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'Consent' Asks: Who Owns The Internet?

Jan 30, 2012 (Morning Edition)

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Rebecca MacKinnon is a Bernard Schwartz Senior Fellow at the New America Foundation. She lives in Washington, D.C.

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While the Internet may aid the spread of democracy, democracy doesn't necessarily mean a free and open Internet. In her new book Consent of the Networked: The Worldwide Struggle for Internet Freedom, Rebecca MacKinnon, senior fellow at the New America Foundation and co-founder of Global Voices, a citizen media network, investigates the corrosion of civil liberties by the governments and corporations that control the digital world.

"The critical question is: How do we ensure that the Internet develops in a way that is compatible with democracy?" MacKinnon tells Morning Edition's Renee Montagne.

Despite the recent uprisings in the Middle East, MacKinnon points out, those countries have a long way to go to achieve the openness required of a democratic society. For instance, although the Egyptian government stopped censoring the Internet after Mubarak stepped down, activists still assume all their electronic communications are being monitored.

"People feel that they have to be very careful about what they're saying online and assume the military government might do something with it," says MacKinnon.

In Tunisia, the democratically elected government has actually reinstated censorship of the Internet. The censorship is not as broad as before, but sites that are considered pornographic or inflammatory are still restricted. Citizens have protested, but conservatives in parliament maintain that public morals must be enforced.

"There's a huge debate going on about ... what is the appropriate role of censorship and also surveillance [in a democratic society]," MacKinnon says.

The problem, according to MacKinnon, is that the Internet is not a "magic freedom juice," as some people seem to believe. "The Internet is an empowering force for people who are protesting against the abuse of power. It's less clear how useful the Internet is going to be [at] building a stable new democracy or improving existing democracy," she says.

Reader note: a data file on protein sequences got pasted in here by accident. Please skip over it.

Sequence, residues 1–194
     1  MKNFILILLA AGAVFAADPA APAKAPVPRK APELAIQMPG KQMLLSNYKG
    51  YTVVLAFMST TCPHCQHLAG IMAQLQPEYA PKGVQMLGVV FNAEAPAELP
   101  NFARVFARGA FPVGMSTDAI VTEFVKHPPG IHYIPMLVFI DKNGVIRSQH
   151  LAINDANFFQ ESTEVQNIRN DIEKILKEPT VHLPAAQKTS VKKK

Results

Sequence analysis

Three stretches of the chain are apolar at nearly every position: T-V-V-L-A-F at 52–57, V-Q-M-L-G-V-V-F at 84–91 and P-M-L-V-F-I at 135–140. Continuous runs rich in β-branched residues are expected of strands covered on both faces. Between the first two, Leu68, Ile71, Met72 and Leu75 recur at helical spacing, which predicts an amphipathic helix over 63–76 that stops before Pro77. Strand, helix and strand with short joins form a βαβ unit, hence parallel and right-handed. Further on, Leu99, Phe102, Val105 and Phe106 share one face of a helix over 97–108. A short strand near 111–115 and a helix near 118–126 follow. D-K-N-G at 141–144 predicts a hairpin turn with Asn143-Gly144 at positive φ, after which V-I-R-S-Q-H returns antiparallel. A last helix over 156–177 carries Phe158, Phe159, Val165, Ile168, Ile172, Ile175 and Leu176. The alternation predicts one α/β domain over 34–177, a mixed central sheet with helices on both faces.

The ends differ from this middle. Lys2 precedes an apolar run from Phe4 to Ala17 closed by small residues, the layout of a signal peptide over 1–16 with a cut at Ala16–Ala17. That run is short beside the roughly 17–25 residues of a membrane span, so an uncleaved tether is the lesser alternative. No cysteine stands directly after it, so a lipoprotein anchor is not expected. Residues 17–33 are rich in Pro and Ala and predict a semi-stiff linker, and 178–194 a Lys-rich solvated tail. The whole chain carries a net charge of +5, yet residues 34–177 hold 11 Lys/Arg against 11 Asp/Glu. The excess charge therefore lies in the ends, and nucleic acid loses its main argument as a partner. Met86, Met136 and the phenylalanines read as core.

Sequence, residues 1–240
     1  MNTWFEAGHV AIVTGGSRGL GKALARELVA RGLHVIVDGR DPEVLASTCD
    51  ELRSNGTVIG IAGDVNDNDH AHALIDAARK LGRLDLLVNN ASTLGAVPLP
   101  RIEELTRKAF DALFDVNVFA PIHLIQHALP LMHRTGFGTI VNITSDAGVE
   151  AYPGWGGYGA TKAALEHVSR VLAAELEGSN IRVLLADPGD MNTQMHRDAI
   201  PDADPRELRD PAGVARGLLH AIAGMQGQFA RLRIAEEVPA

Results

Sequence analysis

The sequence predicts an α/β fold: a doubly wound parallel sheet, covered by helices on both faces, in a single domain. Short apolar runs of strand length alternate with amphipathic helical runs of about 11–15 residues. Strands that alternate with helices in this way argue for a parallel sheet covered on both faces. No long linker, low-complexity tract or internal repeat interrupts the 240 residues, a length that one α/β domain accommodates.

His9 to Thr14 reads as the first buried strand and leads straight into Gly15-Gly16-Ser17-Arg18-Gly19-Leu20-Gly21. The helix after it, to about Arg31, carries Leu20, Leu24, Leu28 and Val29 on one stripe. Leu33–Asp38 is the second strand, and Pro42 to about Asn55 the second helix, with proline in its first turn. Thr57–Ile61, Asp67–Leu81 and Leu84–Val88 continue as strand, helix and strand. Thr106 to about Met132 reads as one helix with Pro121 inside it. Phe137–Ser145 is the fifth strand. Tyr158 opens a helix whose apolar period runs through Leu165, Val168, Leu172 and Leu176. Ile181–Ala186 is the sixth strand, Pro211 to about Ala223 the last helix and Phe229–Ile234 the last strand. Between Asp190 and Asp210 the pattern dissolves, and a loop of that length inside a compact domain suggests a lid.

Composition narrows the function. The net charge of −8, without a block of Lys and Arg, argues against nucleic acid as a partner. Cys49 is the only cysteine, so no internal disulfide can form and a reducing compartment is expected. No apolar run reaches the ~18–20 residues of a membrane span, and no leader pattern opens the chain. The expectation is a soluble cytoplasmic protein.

These questions apply strongly to the West as well. Internet behemoths — "sovereigns of cyberspace," in MacKinnon's words — are attempting to wrest control over the Net.

"The problem with a lot of these companies is that they're making decisions based primarily on commercial factors. And sometimes these decisions are not made with sufficient attention to how they're going to affect the most vulnerable users," MacKinnon says.

As an example, she points to Facebook's policy requiring people to use their real names. "That's fine if you're a teenager in Palo Alto, or if you're the majority of users — but for people who are political activists in an oppressive regime, that's much more problematic," she says.

Still, MacKinnon admits that these are tangled issues to resolve. Facebook's identity policy, for instance, might prevent such abuses as online harassment or even terrorist activity. Internet companies should decide how to govern their services in a process of negotiation with their users, she says.

Nevertheless, MacKinnon argues, the companies should follow the example of America's Founding Fathers in trying to avoid a "tyranny of the majority." Those with unpopular opinions still need to be protected.

"I think the [companies] that are going to be the most successful in the long run and really gain their users' trust are going to be the ones who are listening not only to the majority of users but also the most vulnerable people," MacKinnon says.

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